Dutch Parliament decides:
BSA plans are too controversial but plans on English-taught programmes are not
The government has fallen and there will be new elections on November 22. The parties in the House of Representatives are jointly determining which topics they wish to handle by then and which ones they don’t. The formal vote took place in the House of Representatives yesterday.
What constitutes a controversial topic?
It is a topic deemed "contentious". In other words, a topic that sparks strong differences of opinion. To make this distinction, political parties keep a close eye on opinion polls. How will the cards be stacked later on? Will there be more support for their vision – or quite the opposite?
The plans for a more flexible BSA were labelled as controversial.
Yes, and that was to be expected as opinions are strongly divided in the House of Representatives. The Minister of Education, Robbert Dijkgraaf, has submitted plans regarding the BSA, but parties do not want to discuss them until the elections are over.
What was his BSA proposal?
Earlier attempts to simply lower the BSA threshold fell apart upon encountering resistance in the House of Representatives. Dijkgraaf’s alternative was to fulfil two requirements – lower the pressure on students and maintain the pace of learning. His proposal was that the threshold should be reduced to a maximum of 30 points in the first year, but that the same 30-point threshold should also apply in the second year.
What do students think of his proposal?
The Dutch Student Union (LSVb) and the Dutch National Students’ Association (ISO) believe it to be a good proposal. They urged the House of Representatives to still deal with the topic, even though the education committee decided otherwise last Wednesday. The students believe that the pressure to perform is now too high on students and that their mental health is under threat. They view the proposal as a step in the right direction. However, there are a few student councils that have a different opinion.
What about educational institutions?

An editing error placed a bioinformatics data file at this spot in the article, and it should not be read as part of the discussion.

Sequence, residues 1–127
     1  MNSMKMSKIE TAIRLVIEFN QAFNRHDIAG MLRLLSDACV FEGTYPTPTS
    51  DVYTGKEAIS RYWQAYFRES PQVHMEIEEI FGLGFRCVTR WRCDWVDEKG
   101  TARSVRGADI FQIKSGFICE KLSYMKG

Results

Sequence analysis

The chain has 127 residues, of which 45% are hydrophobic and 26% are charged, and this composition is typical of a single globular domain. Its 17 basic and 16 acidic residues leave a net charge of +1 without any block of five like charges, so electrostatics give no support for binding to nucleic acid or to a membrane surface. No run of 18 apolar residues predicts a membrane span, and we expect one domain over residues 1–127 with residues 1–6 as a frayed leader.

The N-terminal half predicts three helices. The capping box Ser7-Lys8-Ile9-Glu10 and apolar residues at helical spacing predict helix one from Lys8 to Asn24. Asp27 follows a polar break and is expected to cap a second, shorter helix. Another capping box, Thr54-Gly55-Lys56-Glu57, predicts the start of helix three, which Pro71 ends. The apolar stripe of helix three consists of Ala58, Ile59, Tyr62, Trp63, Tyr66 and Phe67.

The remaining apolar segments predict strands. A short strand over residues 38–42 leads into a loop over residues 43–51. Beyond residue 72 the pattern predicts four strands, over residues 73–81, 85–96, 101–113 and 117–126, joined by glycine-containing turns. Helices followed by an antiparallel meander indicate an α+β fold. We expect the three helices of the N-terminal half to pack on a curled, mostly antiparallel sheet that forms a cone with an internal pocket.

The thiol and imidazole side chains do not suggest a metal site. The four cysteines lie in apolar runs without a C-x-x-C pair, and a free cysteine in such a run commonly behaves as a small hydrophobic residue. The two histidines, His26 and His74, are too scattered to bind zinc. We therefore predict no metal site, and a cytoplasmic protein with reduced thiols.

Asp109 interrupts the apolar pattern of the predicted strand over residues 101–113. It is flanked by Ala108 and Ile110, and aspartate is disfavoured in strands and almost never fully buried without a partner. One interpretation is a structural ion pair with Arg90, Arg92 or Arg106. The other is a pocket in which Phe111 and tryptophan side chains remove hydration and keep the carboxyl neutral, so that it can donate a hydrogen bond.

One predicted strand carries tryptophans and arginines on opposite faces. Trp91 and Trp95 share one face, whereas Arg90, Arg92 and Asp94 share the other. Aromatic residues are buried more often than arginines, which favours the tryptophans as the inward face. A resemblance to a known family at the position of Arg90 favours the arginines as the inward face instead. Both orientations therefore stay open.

The universities of applied sciences confirmed that they can live with this outcome, but research universities are opposing it. They think it is a bad plan and fear that weaker students may take longer over their studies.
What is the view of the political parties?
The Dutch Green Party, GroenLinks, and the social liberal party D66 would prefer to abolish the BSA. Other parties, such as the People’s Party for Freedom and Democracy (VVD), are opposed to any lowering of the threshold. There are other parties, such as the Socialist Party (SP) and the Christian Democratic Appeal (CDA), which have questions and reservations about the proposal. In other words, everything is far from cut and dried, and the outcome of the debates remains uncertain.
Internationalisation is an even more sensitive political topic. Why has this not been declared controversial?
It was not even on the list of topics that the House of Representatives could declare to be controversial or not. The reason given is that the topic has been discussed extensively already, so it is no longer on the agenda before the elections. Therefore, it doesn’t need to be declared controversial.
This encompasses English-taught programmes, the intake of international students, and the central coordination aspects surrounding this issue.
All very interesting and perhaps the topic will come up occasionally in a debate, but for the moment there isn’t anything that could be declared controversial.
But hasn’t a legislative proposal been put online for consultation?
Yes, everyone can submit their comments on it. The ministry can adapt the proposal based on these suggestions before it is submitted to the political process. But that is not a matter for the House of Representatives.
So can the outgoing cabinet just submit the proposed legislation?
That may be possible. The House of Representatives can decide to only discuss it after the elections or to handle it immediately, but the latter seems unrealistic.
Are there any other topics that will only be addressed after the elections?
Absolutely. The experiment with flexible learning, for example. With some study programmes, it was possible to study at your own pace and only pay tuition fees for the courses you are actually attending. That may well be a good thing for top athletes, entrepreneurs, caregivers, students with a disability, etc. But it will only come up after the elections and need not be declared controversial.
What about the Foresight Study?
That is a similar kind of topic. Minister Dijkgraaf has sent his long-awaited Foresight Study to the House of Representatives and, in the cover letter, he refers to all kinds of issues that politics must consider for the education of the future. But he is leaving it to his successor to really do something with it, so it’s not actually relevant whether it is controversial or not.